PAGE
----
Siemen's makes an "Intelli-Arc" device for helping electricians troubleshoot these beasts. Forget the DIYers.

    The NIST did not answer my e-mail asking if they have a standard "good arc" and a standard "bad arc".

    The large number of patents on AFCIs makes me think that the false positive/false negative problem is far from being solved.

    IMHO, bad connections usually make themselves known without the help of this extremely sophisticated and expensive device.
     
    Last edited: Jul 28, 2014
  11. Aug 5, 2014 #11

    gottodo1

    gottodo1

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    Don't hire one, do it yourself... That's the only advice I can give, but I am an EE so I suppose I'm biased. <-- Punny right?
     
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  12. Aug 8, 2014 #12

    JoeLink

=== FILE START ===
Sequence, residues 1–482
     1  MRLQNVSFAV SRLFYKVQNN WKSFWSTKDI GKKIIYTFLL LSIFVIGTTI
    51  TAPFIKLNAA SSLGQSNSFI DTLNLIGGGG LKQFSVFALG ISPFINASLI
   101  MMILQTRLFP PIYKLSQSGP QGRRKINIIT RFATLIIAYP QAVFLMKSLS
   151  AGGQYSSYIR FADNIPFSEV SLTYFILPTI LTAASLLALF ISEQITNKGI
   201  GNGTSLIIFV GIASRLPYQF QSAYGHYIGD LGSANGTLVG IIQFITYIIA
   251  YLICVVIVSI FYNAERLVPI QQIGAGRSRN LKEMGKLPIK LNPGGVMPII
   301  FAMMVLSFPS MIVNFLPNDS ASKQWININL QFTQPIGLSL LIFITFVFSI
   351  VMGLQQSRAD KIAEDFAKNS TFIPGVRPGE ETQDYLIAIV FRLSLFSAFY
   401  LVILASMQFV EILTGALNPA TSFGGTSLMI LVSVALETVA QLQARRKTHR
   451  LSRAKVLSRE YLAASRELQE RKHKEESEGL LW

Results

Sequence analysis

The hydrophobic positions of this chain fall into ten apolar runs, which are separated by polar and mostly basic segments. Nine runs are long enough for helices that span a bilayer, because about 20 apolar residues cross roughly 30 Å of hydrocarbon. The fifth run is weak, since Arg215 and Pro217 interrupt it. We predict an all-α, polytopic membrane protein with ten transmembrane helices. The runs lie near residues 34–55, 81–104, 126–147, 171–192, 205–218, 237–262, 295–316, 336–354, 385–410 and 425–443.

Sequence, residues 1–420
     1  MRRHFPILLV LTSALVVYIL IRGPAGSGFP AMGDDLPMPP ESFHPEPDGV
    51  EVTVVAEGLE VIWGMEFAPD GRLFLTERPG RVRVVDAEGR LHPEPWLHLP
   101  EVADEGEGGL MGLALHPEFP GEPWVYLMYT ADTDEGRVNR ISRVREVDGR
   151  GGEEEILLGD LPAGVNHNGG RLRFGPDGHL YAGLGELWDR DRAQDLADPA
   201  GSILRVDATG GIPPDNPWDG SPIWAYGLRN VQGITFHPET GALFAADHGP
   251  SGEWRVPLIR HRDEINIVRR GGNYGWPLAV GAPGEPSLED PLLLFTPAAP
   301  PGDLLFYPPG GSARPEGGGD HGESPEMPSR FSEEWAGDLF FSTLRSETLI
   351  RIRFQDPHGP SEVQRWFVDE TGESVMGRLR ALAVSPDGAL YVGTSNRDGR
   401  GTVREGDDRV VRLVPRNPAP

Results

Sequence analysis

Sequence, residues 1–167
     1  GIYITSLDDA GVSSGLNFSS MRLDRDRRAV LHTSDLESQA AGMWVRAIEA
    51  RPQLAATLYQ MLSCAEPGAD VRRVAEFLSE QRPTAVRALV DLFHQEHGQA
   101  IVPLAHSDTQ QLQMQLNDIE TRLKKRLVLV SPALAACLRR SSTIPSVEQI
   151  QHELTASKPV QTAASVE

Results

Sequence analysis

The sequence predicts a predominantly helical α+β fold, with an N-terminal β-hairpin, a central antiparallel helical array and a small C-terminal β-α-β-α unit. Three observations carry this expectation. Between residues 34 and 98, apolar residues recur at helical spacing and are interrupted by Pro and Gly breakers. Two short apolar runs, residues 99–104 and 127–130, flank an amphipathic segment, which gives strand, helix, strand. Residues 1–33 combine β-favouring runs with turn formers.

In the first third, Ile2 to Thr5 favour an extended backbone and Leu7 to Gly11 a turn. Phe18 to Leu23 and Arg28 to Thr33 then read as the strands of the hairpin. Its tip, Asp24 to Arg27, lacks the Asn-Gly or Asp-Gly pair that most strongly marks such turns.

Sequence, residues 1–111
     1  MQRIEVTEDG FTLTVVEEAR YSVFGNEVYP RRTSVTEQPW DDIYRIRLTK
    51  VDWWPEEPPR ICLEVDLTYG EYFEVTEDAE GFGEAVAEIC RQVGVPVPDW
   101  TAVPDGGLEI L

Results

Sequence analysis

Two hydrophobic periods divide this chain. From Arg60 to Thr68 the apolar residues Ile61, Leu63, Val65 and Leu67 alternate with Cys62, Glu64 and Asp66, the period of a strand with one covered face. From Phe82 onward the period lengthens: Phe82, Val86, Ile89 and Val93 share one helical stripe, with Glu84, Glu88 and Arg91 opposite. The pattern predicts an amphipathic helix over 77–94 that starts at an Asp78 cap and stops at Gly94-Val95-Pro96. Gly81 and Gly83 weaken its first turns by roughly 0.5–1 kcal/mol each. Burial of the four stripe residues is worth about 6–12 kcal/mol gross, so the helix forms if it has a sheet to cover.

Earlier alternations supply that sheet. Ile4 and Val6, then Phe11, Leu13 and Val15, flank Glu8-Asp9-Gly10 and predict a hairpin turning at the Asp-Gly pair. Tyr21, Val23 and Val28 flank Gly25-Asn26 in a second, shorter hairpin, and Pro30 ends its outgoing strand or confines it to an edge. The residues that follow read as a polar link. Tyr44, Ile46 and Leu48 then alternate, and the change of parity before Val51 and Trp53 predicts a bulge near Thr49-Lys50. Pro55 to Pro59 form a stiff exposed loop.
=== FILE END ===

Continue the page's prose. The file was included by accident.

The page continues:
JoeLink

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    I've done quite a bit of home electrical work, but some of this stuff is way over my head. Most of what I know was learned while I lived with an EE :)
     
  13. Aug 8, 2014 #13

    JoeLink

    JoeLink

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    So I got my first quote, lots of great information. The best news is that the electrician saw no reason to replace the Square D breaker box, though a little re-arranging of the breakers is in order. Some of the things in the quote seem high, especially considering there will be no clean up on their part, I'll be fixing and painting the drywall afterward, and the place is completely empty.

    Here's how the quote broke down:

    1. Install an outlet, on a new circuit, directly under the breaker panel in the office. - $225
    2. Install a new outlet in the office closet, directly behind a bedroom outlet, on the same circuit. - $175